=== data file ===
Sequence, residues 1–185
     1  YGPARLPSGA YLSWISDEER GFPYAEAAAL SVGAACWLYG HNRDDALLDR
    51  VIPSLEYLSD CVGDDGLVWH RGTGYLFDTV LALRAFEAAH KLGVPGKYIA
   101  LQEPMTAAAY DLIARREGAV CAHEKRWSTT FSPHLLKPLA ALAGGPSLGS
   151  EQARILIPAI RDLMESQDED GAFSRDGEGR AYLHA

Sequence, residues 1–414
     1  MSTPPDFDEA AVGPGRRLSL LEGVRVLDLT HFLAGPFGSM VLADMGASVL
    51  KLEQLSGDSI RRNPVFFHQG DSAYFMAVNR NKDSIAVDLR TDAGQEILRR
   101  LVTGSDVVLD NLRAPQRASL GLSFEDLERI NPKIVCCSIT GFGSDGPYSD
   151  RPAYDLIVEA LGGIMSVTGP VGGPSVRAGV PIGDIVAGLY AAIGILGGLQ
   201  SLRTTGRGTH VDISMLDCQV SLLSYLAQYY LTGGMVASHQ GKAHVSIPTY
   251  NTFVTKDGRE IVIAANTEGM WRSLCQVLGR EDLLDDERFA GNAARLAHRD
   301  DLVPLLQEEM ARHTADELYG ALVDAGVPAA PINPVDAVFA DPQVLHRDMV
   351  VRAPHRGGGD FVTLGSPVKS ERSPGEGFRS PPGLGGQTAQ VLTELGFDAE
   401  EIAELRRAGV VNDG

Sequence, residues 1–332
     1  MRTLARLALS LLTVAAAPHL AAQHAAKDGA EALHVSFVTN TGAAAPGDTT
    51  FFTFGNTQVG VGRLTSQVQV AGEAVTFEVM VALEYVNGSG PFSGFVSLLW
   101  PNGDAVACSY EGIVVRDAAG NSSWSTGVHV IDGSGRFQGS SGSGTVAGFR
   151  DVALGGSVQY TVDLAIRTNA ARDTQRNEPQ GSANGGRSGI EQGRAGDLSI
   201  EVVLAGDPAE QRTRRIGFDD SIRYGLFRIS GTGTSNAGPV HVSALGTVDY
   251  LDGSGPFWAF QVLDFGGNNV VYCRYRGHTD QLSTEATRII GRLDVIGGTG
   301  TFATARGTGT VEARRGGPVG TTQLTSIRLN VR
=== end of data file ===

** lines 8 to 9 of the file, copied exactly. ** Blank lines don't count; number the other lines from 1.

    51  KLEQLSGDSI RRNPVFFHQG DSAYFMAVNR NKDSIAVDLR TDAGQEILRR
   101  LVTGSDVVLD NLRAPQRASL GLSFEDLERI NPKIVCCSIT GFGSDGPYSD